Being ready to have a baby and facing infertility struggles can be a frustrating, challenging time in a couple’s relationships. Infertility is a challenge people face in different ways. No way is necessarily right or wrong. The important thing I tell my patients is to understand and respect your partner’s way — his or her needs, coping mechanisms and communication style — and work together to support each other.
The short answer is that we think pregnancy rates are improved when polyps that are found are removed. If a woman is planning to become pregnant, and we find a polyp as part of a fertility evaluation, we will remove it.
Polyps are on the list of things that can cause breakthrough bleeding during a woman’s cycle. Some other causes of breakthrough bleeding are fibroids and not ovulating regularly or well.
If you are planning a pregnancy, please remember the importance of prenatal vitamins, eating well, and regular activity.
It is difficult to predict from a prior experience how long it might take you to get pregnant. Your increased age and changing medical history can be factors. Changes in a woman’s ovaries, uterus, and tubes can make it easier or harder to get pregnant for the second time.
Here are some factors that can impact your ability to conceive:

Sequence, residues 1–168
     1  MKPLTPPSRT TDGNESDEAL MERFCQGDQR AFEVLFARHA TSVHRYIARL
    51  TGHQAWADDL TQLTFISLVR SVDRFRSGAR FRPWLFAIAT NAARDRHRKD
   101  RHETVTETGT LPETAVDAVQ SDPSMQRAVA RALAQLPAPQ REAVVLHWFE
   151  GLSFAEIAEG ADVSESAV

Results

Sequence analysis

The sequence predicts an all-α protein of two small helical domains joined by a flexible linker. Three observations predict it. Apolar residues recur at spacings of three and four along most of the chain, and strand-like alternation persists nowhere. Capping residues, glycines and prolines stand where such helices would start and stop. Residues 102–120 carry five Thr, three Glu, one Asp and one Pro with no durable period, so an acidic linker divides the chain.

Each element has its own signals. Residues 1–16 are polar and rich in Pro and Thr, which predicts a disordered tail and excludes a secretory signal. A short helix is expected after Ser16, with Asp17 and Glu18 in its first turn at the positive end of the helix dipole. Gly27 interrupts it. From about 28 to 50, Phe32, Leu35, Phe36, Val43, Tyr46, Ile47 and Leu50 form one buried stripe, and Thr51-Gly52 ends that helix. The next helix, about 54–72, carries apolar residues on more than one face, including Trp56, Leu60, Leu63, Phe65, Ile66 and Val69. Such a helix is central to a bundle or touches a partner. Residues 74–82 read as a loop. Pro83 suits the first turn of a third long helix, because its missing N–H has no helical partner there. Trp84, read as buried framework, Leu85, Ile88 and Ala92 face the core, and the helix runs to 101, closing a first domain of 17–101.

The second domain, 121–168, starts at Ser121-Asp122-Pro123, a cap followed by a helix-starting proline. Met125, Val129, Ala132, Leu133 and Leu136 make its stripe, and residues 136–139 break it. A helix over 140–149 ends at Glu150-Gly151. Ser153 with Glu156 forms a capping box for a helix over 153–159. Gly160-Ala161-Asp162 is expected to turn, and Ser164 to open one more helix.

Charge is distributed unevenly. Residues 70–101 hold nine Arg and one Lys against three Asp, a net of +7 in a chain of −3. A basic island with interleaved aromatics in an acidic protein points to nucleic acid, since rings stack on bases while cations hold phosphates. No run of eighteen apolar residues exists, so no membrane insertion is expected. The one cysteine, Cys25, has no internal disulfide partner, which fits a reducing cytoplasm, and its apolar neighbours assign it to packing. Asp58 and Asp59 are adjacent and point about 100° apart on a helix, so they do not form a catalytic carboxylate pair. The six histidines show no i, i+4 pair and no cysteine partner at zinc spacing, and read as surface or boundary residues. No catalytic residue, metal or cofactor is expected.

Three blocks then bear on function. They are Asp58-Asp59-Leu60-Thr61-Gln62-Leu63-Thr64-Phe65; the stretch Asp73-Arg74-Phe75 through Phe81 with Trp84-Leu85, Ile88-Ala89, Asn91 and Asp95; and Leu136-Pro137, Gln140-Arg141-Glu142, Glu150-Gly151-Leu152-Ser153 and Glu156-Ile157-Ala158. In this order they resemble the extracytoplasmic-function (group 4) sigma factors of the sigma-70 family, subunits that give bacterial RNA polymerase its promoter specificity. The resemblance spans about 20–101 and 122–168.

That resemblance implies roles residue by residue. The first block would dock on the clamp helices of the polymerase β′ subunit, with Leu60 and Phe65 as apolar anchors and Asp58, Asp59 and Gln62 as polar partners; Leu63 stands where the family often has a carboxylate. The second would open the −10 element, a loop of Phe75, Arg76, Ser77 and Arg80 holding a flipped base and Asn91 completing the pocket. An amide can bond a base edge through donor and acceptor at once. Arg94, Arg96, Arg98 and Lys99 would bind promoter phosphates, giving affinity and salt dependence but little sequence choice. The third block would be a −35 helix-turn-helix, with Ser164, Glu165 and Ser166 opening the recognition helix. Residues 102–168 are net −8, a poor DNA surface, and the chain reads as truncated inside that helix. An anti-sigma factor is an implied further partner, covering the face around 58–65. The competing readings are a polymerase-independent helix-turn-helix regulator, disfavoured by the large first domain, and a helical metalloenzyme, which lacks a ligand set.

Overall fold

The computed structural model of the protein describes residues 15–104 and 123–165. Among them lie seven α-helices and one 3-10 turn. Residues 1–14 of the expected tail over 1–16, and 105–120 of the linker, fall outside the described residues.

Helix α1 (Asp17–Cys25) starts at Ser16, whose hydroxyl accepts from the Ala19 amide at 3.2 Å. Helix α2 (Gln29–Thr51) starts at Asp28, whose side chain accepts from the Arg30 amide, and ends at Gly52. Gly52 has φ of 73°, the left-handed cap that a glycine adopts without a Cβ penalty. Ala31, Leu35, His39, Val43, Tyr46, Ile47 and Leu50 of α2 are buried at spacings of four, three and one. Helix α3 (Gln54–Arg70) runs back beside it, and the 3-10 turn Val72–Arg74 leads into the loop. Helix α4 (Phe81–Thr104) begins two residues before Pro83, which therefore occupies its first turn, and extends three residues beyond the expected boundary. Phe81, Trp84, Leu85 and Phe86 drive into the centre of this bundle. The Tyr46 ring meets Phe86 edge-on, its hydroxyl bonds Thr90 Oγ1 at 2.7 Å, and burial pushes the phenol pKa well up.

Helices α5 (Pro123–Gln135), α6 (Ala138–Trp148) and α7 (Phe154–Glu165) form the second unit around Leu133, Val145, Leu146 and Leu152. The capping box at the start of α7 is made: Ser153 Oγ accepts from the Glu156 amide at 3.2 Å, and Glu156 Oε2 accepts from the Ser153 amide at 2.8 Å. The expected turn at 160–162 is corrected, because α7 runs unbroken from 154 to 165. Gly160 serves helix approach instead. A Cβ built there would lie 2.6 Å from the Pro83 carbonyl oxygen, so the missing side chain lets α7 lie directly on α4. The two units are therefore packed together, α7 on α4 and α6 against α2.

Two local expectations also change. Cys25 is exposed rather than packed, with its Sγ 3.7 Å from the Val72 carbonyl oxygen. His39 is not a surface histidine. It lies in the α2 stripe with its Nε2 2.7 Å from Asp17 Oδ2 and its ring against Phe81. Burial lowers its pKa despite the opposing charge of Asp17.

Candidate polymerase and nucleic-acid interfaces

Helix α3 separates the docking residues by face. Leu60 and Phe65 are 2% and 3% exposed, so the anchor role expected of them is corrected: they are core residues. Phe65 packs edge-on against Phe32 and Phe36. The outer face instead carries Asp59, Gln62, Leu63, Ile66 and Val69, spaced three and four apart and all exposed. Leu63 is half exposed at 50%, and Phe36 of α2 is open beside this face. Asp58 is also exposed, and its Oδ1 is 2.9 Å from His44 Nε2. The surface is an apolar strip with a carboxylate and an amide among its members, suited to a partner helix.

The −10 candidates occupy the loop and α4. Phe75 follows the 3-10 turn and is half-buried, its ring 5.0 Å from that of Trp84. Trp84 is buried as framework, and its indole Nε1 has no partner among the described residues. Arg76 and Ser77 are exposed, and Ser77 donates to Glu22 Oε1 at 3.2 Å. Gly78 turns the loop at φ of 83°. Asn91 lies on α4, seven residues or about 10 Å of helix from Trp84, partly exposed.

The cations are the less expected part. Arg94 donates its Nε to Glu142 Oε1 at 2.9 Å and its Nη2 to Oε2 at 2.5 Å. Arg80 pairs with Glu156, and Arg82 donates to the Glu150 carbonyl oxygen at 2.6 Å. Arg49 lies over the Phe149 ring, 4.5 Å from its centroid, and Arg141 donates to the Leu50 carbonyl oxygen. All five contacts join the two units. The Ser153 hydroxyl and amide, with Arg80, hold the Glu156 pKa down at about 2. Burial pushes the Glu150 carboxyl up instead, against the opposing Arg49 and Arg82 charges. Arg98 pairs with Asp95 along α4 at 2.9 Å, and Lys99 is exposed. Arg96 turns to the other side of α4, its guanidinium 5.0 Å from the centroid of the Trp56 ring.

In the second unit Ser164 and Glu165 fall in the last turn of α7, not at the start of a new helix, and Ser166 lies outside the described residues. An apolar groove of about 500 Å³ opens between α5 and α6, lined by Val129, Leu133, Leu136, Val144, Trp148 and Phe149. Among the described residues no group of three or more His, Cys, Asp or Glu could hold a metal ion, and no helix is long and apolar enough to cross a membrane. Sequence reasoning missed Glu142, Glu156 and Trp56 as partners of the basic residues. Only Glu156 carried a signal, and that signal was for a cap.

Many patients are curious about whether fertility issues their parents might have struggled with may have a role in their own ability to get pregnant. My answer is always the same: your parents’ issues will not necessarily become yours.
In general, the more you know about your family’s health history, the more your medical team can start using those facts in evaluating your overall health and fertility picture.
There are many possible causes for decreased fertility, including endometriosis, fibroids, premature menopause, polycystic ovary syndrome, low sperm count, underlying conditions, and physical issues. Some of these – hypothyroidism or polycystic ovary syndrome in particular – do tend to run in families.
Still, patterns of fertility in your family may not predict how easily you will conceive.
We know, for example, that fertility decreases with age. In general, older women have a lower chance of getting pregnant. By the time women are 30 years old, a quarter of them will have issues with fertility. If your mom or sister was trying to conceive around age 40 or later, that could have been the source of her difficulties.
As the social worker for the University of Michigan Center for Reproductive Medicine, I provide support to women and couples going through fertility challenges.
It is okay to feel what you’re feeling. You might feel anger, sadness, disappointment, frustration or guilt.
Take care of yourself. If your best friend or sister was going through what you are experiencing, how would you treat her? Would you remind her not to be so hard on herself and to put herself first? Are you doing that for yourself?
The holidays can be a wonderful time of the year, but for couples facing infertility this time of year can be difficult Continue reading